What is probably important in the mid- and long term is to expand job opportunities.

Although the government has set a target of creating 100,000 jobs, that figure is dwarfed by the number of jobless, which has ballooned to 3.44 million.

Expanding cooperation among the sectors of agriculture, commerce and industry will reinvigorate these primary industries and boost tourism, the government should mobilize all workable policy steps so as to create more jobs in rural areas.


Domestic industries at risk

Job-creation measures will also directly lead to measures to prevent the hollowing out of domestic industries.

Driven by fierce price-cutting competition for their products at home, more and more companies are shifting their production bases out of the country, further reducing the number of job opportunities. As a result, the Japanese economy is in danger of falling into a vicious cycle in which it becomes increasingly anemic.

For such reasons, the government needs to hammer out a new growth strategy that will revitalize domestic industries and regional economies.

The promotion of new industries that can capitalize on Japan's strong points, such as those in the area of environmental protection, will generate economic vitality and create jobs. The government needs to present a clear-cut vision to give domestic industries and regional economies hope for the future.

In this respect, the key will be to generate demand in other Asian countries for Japanese goods by reinforcing product-development and export strategies targeted at consumer markets in Asia.

(From The Yomiuri Shimbun, Nov. 30, 2009)
(2009年11月30日01時11分  読売新聞)


CO2削減 米中の目標公表で弾みつくか

2009-11-29 11:58:15 | 英字新聞

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The Yomiuri Shimbun (Nov. 29, 2009)
U.S., China could lead way to post-Kyoto deal
CO2削減 米中の目標公表で弾みつくか(11月29日付・読売社説)

The United States and China, the world's two largest emitters of greenhouse gas, have recently announced their medium-term targets for CO2 emission reductions. We hope their commitments will add momentum to the drafting of a fair framework to succeed the Kyoto Protocol, which expires at the end of 2012.

The United States has set itself a target of cutting greenhouse gas emissions by 17 percent from 2005 levels by 2020. The U.S. targets also include a 30 percent reduction by 2025, 42 percent by 2030 and 83 percent by 2050.

However, a 17 percent cut from 2005 levels actually represents a reduction of just a few percent from 1990 levels. This contrasts sharply with the target set by the administration of Prime Minister Yukio Hatoyama, which aims to curb this nation's emissions by 25 percent from 1990 levels.

The U.S. targets are very realistic, as restoring the economy is currently Washington's top priority.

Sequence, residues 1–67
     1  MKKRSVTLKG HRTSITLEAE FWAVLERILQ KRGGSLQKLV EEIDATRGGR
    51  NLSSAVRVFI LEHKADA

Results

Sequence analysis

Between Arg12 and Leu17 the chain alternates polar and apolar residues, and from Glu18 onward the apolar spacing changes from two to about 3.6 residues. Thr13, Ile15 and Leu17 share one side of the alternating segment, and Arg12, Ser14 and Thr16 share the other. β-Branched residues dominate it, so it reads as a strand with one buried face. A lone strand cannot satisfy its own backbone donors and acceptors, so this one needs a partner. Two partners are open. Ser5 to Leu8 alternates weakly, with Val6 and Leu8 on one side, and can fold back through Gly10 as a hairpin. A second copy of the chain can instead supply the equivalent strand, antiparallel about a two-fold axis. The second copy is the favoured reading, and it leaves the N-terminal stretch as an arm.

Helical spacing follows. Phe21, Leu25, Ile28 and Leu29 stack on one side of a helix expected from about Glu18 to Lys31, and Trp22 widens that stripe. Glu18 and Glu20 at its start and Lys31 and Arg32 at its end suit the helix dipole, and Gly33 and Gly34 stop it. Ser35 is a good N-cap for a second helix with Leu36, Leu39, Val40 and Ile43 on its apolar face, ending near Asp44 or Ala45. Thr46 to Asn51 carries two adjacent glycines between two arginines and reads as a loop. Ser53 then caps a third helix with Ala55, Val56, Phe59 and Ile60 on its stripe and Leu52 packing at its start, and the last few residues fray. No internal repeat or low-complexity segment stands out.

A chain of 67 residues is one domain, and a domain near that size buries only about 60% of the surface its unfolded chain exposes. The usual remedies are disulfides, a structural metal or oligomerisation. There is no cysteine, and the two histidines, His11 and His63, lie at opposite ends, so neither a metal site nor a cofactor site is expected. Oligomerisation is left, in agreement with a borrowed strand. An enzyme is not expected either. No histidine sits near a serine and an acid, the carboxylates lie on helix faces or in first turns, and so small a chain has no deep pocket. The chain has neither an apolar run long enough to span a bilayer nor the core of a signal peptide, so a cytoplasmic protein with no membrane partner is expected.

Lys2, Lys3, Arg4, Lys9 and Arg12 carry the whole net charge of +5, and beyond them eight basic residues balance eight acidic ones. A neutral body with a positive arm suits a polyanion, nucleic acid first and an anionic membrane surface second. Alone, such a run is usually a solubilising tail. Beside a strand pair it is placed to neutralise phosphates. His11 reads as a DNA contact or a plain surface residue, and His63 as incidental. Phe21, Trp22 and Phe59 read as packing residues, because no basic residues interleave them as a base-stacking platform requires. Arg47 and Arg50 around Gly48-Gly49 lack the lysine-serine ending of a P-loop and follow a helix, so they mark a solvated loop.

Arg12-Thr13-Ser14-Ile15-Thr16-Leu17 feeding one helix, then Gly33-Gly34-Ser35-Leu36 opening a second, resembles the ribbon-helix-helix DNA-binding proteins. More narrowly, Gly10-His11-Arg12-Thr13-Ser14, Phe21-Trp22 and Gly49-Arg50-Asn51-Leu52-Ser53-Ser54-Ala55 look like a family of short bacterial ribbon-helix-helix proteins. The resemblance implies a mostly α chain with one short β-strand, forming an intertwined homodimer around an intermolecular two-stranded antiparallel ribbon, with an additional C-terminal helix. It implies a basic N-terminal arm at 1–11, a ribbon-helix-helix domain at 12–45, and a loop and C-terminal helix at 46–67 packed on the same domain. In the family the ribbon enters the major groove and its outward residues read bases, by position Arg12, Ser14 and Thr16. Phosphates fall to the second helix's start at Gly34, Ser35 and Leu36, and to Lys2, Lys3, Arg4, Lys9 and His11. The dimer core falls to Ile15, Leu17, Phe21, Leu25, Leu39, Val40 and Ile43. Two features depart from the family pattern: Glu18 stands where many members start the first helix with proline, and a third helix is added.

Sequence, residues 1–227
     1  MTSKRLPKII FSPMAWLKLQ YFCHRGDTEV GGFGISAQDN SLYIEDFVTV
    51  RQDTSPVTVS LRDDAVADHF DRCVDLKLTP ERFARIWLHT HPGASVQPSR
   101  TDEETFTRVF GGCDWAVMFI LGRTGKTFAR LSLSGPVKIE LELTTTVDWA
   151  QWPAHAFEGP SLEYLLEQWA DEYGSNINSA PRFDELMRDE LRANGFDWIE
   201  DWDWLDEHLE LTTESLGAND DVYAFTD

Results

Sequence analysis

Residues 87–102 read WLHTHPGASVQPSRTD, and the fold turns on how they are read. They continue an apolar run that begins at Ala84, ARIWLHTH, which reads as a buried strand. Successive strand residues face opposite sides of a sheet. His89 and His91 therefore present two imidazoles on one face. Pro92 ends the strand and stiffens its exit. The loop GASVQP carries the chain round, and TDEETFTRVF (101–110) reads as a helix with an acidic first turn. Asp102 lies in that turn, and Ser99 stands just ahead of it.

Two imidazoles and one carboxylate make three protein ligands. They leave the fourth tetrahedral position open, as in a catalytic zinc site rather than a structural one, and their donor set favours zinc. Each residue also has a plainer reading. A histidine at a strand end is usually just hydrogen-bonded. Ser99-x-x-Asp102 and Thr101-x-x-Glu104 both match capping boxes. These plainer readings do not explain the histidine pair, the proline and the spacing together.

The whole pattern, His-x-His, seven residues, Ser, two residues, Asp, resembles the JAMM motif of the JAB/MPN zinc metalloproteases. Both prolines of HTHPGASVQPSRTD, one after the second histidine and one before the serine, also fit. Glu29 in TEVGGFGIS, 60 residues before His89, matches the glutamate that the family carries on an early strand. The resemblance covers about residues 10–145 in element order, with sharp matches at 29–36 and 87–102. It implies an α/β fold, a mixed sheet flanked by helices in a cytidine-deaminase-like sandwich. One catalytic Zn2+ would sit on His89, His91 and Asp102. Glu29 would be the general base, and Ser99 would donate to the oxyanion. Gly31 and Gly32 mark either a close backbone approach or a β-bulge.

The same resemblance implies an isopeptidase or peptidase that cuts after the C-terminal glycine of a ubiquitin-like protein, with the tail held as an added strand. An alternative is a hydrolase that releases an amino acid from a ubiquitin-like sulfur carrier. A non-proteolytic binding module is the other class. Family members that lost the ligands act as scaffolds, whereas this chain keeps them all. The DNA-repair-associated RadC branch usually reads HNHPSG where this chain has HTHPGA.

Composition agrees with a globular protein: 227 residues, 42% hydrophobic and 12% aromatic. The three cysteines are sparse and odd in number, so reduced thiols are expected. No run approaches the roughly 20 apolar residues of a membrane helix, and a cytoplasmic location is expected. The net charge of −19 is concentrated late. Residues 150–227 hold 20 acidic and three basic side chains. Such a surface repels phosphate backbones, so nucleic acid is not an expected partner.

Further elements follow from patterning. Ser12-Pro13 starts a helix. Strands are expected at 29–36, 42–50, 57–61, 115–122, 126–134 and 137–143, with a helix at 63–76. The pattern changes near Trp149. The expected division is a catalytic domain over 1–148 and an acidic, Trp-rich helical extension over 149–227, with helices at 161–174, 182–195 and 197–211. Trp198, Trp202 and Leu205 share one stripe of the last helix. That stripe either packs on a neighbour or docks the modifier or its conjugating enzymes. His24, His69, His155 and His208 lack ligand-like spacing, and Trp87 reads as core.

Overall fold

China emissions could grow

Meanwhile, China, which has recently surpassed the United States to become the world's largest greenhouse gas emitter, has announced it will reduce carbon dioxide emissions per unit of gross domestic product by 40 percent to 45 percent compared with 2005 levels by 2020.

The Chinese target of cutting emissions per unit of GDP is different from those adopted by Japan and the United States, which aim for reductions in total emissions volume. Under this approach, China would be allowed to emit more CO2 if its GDP grows.

China is apparently trying to trumpet to the world its contribution to tackling greenhouse gas reduction without damaging its economic growth. It also has stressed that cutting greenhouse gas emissions is a "voluntary action based on our own national situation."

This indicates that Beijing is wary of entering into internationally binding deals on emissions reductions.


COP15 nations divided

The 15th Conference of the Parties to the U.N. Climate Change Convention (COP15) will start in Copenhagen on Dec. 7. The U.S. and Chinese announcements of midterm targets is undoubtedly one step forward in the lead-up to COP15 discussions that will focus on a post-Kyoto Protocol international framework to be followed from 2013.

In reality, however, there is still a gulf of opinion between major industrialized countries and developing countries on how to tackle climate change. It already appears almost impossible for a post-Kyoto Protocol framework to be adopted in the Danish capital in December. The focus of attention has already shifted to whether the COP15 nations can reach a major political agreement that could lead to the adoption of a new protocol next year.

Moves by the United States and China hold the key to the success of the talks.

There is concern that some developing countries are leaning toward a possible extension of the Kyoto Protocol beyond 2012. The Kyoto Protocol lacks teeth as the United States has withdrawn from it and China, as a developing country, is not obliged to cut its emissions under the pact.

Hatoyama has made an international pledge to reduce greenhouse gas emissions by 25 percent without seeking the backing of the Japanese public. As a precondition for committing the nation to this target, however, he has stated that all major nations must sign on to a post-Kyoto Protocol framework.

Japan must steadfastly maintain this condition at the upcoming COP15 talks.

(From The Yomiuri Shimbun, Nov. 29, 2009)
(2009年11月29日01時13分 読売新聞)

事業仕分け 政治家が責任持って決定を

2009-11-28 05:26:16 | 英字新聞
The Yomiuri Shimbun (Nov. 28, 2009)
Budget decisions rest with lawmakers
事業仕分け 政治家が責任持って決定を(11月28日付・読売社説)